Late in the Season Climb up South Sisters

By on September 16, 2012

By Carol Lovegren Miller –

“Aunt Carol, would you take Cam and I with you when you climb the South Sister mountain?” my niece Shirree entreated. Were we planning to climb the South Sister?  Hey, why not go? This trip would be a piece of cake for my husband Kyle to guide; after all he has climbed the South Sister before…but 28 years ago.

In 1984, a fair number of people were climbing the South Sister making the trail feel more like a country road than a wilderness. Now, twenty-eight years later, in 2012, the trail resembles a freeway with lanes going in both directions; hundreds of people were climbing the mountain with us.

Actually, the assortment of people is part of what makes the climb interesting. In fact, I suspect my family may have attracted a bit of attention ourselves.

Kyle Miller on trail on South Sisters

As Kyle strapped on his 55 lb backpack in preparation for the hike he grumbled, “We have four perfectly good horses at home, why do I have to be the packhorse on this trip?” He may not have been riding his horse, but he still looked like a cowboy in his blue jeans, leather gloves, long-sleeved shirt and cowboy hat. His garb was a far cry from the other climbers clad in REI microfiber shorts. To top it off, he used a pair of 1970 skipoles as trekking poles.

Carol Lovegren-Miller

Because of a sunscreen allergy, I myself was a real fashion statement. One of Kyle’s big wide-brimmed hats slouched over my ears; an oversized, paint-spattered, untucked, cotton, collared shirthung to my fingertips; and my much larger son’s light weight hiking pants sagged from my rear and bunched up on my boots. The seven young twerps with us uncharitably dubbed me, “the rice farmer”. No matter, I escaped being sunburned, a very real hazard at 10,000 feet.

Chet Miller

If Kyle and I didn’t catch people’s attention, our son Chet, who earlier in the summer had shattered his collarbone in a zip-line accident, did snag a second look. Climbing the South Sister with his arm in asling earned him the “hardcore award” from more than one fellow climber (naturally, we saw nothing wrong with climbing while injured since 28years ago I climbed the South Sister two weeks after having a partially severed finger reattached). The only real problem Chet’s bound arm created was difficulty in keeping his balance on steep sections.

However, Chet’s difficulty balancing could not have been nearly as challenging as that of the man who, I kid you not, we saw climbing the mountain wearing a large neck pillow with a woman perched on his shoulders! He made our accomplishment of climbing to the top, which seemed to us like a truly strenuous task, appear far less impressive.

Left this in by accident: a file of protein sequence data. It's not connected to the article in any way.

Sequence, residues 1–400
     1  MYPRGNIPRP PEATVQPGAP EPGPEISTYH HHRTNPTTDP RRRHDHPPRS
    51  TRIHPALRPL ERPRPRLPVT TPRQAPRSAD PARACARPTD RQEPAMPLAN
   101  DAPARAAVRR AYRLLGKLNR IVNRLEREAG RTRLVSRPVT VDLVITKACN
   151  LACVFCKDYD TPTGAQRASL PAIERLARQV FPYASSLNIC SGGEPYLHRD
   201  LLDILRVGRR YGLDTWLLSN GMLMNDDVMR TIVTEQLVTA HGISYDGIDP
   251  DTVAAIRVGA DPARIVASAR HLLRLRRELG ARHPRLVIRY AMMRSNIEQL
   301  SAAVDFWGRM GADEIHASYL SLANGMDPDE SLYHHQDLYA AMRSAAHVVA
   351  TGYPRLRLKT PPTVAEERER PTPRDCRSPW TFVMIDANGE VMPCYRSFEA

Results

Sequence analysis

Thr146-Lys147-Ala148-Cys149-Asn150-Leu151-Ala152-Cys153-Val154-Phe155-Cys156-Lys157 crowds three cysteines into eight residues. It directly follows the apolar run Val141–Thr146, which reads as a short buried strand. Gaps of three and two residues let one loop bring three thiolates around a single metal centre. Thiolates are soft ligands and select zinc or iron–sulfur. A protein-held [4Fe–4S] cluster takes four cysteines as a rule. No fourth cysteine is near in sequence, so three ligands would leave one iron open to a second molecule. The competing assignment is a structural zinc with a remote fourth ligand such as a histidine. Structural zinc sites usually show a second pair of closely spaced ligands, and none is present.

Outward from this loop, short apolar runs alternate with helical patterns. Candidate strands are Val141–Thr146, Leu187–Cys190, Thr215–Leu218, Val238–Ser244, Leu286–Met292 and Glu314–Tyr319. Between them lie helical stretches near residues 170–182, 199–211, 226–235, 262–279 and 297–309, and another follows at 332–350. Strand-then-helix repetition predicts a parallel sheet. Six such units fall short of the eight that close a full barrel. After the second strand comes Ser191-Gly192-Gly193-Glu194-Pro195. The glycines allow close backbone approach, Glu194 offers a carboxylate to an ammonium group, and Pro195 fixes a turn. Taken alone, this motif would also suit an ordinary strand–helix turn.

Climbers’ ages ranged from 7 to 70 with the level of fitness ranging from the guy who literally ran up the mountain and back, to people 50 pounds overweight, pouring sweat and climbing by sheer grit. One group of older climbers, a tour group from the northeast, looked like the sort of people you would normally expect to find riding a tourbus.

Some people (like us) back pack in the first few miles, camp near Moraine Lake, then start early in the morning to tackle the four or five hour 4,000 foot climb.  People who are tougher than we are add an additional 1,000 feet of elevation and four extra miles to their day bystarting at the Devil’s Lake trail head off Cascade Lakes Highway. The really hardy souls carry full packs to the top with the intention of spending the night huddled behind rock walls or out on the snow field.

When it comes to wilderness policy, there is no place for common sense… or outhouses. Long lines of climbers lingered at the last patch of trees on the mountain. One can only speculate on the dilemma of those spending the night on top.

There were a surprising number of dogs clambering up the rough lava that day. Those traveling with our group were clad in sled-dog booties, but most dogs gamely scrambled through bare pawed. The one exception was a fluffy little lap dog who serenely watched the scenery go by while her mistress carried her snuggledin a front pack. One golden retriever clearly did not understand the concept of drop-offs. Three times he nearly took a “toboggan ride of no return,” off a snow covered cliff.

It was hot the weekend we climbed; therefore the temperature at the 10,300 foot top was surprisingly pleasant. So, what does one do on a mountain top? Gape in awe at the view, eat lunch, pop open a bubbly, soak up some rays, and try to match the map to the lakes, trails and peaks below. Or…as one group did…decide there is nothing to do up there, shoulder the full packs they just carried up and hike back down.